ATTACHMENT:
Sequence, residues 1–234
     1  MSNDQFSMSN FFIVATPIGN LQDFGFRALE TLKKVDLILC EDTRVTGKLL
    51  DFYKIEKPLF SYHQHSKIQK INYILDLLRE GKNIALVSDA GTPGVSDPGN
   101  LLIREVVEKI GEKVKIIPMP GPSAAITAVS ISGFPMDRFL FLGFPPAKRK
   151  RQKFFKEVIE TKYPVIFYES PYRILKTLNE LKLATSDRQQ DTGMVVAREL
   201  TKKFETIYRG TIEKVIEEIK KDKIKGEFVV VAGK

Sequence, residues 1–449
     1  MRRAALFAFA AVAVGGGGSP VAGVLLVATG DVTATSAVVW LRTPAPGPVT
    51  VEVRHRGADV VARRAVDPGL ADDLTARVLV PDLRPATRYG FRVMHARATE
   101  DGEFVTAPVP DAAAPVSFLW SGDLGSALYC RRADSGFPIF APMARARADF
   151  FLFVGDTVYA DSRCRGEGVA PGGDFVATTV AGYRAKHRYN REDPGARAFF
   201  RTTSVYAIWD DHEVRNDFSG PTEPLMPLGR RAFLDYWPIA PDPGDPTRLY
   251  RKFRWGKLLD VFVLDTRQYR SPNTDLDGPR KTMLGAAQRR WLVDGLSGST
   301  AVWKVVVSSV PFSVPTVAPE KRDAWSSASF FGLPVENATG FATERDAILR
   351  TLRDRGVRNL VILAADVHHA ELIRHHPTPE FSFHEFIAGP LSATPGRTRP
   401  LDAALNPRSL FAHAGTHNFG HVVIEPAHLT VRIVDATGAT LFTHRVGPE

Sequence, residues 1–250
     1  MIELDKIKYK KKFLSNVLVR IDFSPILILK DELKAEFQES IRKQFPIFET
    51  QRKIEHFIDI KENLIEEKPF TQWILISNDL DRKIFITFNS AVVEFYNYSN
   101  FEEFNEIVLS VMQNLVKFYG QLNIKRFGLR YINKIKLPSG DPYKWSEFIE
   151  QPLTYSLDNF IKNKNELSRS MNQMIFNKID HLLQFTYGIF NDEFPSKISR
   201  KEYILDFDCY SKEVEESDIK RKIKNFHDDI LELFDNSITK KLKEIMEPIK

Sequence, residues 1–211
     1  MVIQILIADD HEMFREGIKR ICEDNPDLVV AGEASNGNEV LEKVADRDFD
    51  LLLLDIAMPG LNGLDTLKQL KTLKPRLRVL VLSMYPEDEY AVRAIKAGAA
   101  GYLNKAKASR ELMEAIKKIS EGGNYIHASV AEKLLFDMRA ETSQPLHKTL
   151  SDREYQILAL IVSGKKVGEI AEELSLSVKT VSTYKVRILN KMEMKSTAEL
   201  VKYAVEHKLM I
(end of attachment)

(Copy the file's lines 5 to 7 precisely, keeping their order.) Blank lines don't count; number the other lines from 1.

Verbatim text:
   151  RQKFFKEVIE TKYPVIFYES PYRILKTLNE LKLATSDRQQ DTGMVVAREL
   201  TKKFETIYRG TIEKVIEEIK KDKIKGEFVV VAGK

Sequence, residues 1–449